Rapid onset drought events or "flash droughts" occur rapidly (i.e., as short as a few weeks) and can impact agriculture harsher than longer lasting droughts because farmers have less time to prepare them. Drought early warning during these rapidly evolving situations, however, is difficult to obtain using existing drought forecasting products. Early warning signals can be identified through drought indicators such as the Evaporative Stress Index (ESI).
New work published in the July issue of the Bulletin of the American Meteorological Society describes the results from two focus group meetings that were held to present the ESI and associated datasets.
This BAMS note describes the results of focus groups that were held with stakeholders in two NIDIS pilot regions, to better understand how they could use drought early warning information to prepare for flash drought development. This work was funded by CPO’s SARP program.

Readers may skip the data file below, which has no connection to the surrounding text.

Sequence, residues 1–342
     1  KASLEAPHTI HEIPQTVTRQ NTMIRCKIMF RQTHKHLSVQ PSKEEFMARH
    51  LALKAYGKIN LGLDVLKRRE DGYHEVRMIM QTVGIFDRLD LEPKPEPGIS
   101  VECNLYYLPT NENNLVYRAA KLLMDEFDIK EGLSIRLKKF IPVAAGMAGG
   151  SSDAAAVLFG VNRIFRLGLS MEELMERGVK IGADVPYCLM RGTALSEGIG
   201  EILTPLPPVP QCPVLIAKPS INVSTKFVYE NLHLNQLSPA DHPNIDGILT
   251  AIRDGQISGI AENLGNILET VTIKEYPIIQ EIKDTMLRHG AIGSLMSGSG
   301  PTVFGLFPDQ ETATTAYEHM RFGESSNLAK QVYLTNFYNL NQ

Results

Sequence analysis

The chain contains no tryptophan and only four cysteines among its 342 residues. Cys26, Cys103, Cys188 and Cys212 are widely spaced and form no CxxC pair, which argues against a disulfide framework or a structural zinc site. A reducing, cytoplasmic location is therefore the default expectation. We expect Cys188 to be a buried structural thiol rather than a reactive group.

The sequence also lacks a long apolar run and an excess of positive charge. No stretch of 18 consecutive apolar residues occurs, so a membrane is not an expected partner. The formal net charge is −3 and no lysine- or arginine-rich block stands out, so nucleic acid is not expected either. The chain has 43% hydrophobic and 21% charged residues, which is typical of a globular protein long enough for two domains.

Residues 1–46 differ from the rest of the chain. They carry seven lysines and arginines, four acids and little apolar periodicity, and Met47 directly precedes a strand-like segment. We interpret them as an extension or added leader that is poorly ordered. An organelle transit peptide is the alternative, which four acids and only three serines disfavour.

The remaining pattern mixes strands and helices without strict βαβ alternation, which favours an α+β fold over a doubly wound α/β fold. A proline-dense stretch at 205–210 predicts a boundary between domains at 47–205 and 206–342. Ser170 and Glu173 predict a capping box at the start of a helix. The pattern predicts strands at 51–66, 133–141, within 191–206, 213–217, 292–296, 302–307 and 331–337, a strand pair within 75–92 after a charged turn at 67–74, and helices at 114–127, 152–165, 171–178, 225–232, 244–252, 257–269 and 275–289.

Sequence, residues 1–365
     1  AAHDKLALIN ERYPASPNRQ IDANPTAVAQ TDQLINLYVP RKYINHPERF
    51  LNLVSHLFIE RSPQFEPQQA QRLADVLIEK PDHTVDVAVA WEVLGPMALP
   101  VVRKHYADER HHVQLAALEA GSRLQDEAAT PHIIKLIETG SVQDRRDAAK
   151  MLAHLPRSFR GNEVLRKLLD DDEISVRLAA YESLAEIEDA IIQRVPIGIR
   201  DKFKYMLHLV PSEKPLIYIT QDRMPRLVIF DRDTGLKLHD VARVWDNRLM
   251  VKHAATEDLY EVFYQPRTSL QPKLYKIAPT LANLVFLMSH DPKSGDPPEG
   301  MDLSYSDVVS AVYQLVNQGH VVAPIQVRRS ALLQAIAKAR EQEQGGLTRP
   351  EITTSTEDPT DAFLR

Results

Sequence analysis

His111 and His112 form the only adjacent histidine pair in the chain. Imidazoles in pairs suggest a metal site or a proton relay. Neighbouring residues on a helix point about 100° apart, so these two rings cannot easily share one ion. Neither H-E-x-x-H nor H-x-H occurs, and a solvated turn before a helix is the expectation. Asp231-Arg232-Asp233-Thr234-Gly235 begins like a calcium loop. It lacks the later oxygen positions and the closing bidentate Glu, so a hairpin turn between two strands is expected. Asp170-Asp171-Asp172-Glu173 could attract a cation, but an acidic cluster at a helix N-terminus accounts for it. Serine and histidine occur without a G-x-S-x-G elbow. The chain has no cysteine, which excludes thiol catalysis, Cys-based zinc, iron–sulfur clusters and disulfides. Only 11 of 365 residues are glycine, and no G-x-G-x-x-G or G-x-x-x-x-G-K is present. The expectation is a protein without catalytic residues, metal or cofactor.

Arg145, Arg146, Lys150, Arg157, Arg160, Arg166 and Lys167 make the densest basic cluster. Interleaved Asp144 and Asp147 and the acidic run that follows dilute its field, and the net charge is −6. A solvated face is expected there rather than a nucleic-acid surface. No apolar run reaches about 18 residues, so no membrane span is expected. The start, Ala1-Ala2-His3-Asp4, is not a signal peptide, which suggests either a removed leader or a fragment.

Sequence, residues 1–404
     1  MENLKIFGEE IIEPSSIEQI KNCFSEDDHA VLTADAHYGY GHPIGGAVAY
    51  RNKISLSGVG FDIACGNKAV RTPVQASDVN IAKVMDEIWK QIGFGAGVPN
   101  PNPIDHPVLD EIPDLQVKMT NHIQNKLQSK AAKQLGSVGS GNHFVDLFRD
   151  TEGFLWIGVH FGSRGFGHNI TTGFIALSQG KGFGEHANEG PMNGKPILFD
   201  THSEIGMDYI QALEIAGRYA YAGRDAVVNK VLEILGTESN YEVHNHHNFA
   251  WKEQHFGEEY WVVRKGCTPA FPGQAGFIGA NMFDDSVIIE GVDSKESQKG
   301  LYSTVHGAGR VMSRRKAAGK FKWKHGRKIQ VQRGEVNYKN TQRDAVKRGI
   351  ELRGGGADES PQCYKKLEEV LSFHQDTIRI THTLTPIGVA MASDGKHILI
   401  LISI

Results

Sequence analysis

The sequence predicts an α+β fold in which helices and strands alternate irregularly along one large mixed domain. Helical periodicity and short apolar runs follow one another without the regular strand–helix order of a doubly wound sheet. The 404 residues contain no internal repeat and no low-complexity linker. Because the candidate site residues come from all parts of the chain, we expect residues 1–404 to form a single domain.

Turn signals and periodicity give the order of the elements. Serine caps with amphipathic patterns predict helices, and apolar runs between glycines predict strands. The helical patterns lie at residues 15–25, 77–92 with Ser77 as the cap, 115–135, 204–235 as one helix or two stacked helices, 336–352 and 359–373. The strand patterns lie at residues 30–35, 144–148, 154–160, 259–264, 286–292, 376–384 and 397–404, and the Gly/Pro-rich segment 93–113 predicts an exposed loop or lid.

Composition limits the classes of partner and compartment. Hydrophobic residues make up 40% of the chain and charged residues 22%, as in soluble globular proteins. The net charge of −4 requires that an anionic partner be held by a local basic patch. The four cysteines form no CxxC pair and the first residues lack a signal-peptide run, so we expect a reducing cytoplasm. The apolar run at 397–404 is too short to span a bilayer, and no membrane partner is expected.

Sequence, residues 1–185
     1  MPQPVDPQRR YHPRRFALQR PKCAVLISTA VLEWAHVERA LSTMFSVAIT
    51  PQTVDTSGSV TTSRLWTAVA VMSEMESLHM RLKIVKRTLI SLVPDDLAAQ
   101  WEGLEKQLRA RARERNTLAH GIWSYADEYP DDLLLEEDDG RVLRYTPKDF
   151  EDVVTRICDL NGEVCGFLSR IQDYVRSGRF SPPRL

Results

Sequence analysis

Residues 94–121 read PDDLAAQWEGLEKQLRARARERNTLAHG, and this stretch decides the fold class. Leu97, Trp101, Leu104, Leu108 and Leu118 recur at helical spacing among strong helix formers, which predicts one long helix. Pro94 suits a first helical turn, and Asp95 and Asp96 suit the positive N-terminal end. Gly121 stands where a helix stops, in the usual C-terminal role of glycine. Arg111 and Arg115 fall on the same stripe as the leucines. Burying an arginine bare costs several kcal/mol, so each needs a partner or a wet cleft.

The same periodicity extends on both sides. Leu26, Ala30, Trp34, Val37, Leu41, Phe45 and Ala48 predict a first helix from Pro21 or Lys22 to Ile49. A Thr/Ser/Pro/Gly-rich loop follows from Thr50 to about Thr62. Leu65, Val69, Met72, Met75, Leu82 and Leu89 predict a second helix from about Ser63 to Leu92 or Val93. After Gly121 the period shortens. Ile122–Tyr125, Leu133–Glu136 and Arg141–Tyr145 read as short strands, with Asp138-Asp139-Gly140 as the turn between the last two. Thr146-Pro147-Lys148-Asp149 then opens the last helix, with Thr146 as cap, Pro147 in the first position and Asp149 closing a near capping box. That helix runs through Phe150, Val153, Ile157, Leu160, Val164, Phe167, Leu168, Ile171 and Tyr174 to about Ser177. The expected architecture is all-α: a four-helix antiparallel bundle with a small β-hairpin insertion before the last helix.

According to the author's the meetings discussed in this BAMS piece 'facilitated interactions between researchers and stakeholders that provided valuable feedback that will improve the use of these datasets for drought mitigation efforts, and illustrate the importance of engaging stakeholders when developing new tools."
"Though U.S. agriculture was the primary focus of these meetings, drought early warning over subseasonal time scales should also be beneficial to other stakeholder groups," said the authors.
They followed up by saying that the continued development of early warning indicators are vital to properly respond to changing conditions and to reduce exposure to drought.
To access a PDF of this article, visit: http://journals.ametsoc.org/doi/pdf/10.1175/BAMS-D-14-00219.1
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